Councillors are beginning work on a new scheme for awarding council tax benefits, which could adversely affect 12,000 families.
Currently, Calderdale Council administers Council Tax Benefits on behalf of the government and has the costs reimbursed through Government subsidy.
But when the new system of Universal Credit is introduced next year, council tax benefits for people on low incomes will be replaced by a new localised support scheme.
Councillors are studying four different options for administering the scheme but the overall impact will be a 10 per cent cut, leaving aboutd £12.4 million in the pot for distribution each year.
The council has already made provision to help subsidise the scheme and cushion the impact on those worst affected.
It will put £1.6 million into the scheme in 2013/14 and £1.1 million in subsequent years, but it is estimated that at least £2 million will be needed.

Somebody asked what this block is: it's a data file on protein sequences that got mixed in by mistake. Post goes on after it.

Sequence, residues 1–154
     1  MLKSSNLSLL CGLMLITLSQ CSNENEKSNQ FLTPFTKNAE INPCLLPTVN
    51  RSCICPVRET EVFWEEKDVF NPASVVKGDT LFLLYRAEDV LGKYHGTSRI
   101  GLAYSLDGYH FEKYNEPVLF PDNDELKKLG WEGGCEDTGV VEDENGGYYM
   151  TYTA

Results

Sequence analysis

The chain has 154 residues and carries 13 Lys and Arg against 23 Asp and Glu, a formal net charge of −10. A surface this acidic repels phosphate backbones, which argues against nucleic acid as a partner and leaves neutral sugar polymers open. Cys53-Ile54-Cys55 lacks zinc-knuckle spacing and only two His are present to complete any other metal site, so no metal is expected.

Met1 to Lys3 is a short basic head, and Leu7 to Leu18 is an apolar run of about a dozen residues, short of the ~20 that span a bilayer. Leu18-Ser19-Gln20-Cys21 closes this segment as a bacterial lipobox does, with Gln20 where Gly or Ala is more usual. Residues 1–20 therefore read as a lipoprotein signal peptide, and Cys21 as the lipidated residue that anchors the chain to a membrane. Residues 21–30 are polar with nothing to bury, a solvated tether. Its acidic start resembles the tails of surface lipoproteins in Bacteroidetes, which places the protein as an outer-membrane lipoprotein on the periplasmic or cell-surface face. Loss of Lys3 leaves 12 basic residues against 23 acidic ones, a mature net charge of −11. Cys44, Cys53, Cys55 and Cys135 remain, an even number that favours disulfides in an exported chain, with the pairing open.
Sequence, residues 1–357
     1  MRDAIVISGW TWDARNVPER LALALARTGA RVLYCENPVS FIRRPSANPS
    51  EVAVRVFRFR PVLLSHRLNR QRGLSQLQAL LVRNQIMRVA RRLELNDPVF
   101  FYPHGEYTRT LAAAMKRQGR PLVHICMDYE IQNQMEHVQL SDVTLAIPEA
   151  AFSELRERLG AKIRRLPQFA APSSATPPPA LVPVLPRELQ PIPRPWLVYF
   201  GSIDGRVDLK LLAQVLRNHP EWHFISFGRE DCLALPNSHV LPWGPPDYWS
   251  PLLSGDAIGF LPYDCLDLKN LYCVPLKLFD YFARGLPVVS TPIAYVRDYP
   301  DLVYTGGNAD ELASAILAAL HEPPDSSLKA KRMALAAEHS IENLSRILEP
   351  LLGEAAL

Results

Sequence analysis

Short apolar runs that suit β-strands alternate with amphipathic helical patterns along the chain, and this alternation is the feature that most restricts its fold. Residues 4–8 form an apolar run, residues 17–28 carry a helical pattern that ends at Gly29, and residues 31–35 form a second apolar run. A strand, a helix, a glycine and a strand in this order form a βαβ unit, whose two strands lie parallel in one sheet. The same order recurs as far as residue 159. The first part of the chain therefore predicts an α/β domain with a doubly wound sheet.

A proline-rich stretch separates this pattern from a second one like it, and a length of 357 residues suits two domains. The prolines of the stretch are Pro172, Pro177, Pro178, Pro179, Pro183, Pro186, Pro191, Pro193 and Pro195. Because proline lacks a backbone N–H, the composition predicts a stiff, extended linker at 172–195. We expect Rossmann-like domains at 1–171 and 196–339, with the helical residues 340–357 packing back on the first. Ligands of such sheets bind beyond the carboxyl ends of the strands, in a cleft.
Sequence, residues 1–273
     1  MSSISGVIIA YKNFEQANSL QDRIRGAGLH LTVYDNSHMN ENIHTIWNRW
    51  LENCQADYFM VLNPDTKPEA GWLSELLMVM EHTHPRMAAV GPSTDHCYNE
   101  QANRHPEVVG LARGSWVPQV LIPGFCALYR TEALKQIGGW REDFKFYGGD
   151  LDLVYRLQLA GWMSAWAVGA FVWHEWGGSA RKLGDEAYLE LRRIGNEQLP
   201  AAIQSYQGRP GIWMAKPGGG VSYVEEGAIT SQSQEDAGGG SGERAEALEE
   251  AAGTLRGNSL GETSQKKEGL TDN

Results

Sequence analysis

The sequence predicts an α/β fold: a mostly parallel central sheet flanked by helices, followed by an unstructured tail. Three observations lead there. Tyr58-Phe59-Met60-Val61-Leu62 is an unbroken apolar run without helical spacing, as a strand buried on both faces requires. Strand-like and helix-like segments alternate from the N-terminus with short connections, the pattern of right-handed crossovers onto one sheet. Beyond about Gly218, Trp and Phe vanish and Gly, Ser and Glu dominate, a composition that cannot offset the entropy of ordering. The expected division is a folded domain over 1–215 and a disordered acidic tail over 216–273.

Each of the schemes devised by council officers and being debated by the community services panel on Thursday affect different people in different ways and could cost some families up to £178 a year in reduced benefits.
The rules governing benefits for pensioners will be set nationally, according to community services director Robin Tuddenham. But the council will have to determine which groups of people it regards as vulnerable and the scale of benefits for non-vulnerable claimants.
“The council must write its own scheme and put in place alternative arrangements to administer it as a discount rather than as a benefit,” said Mr Tuddenham.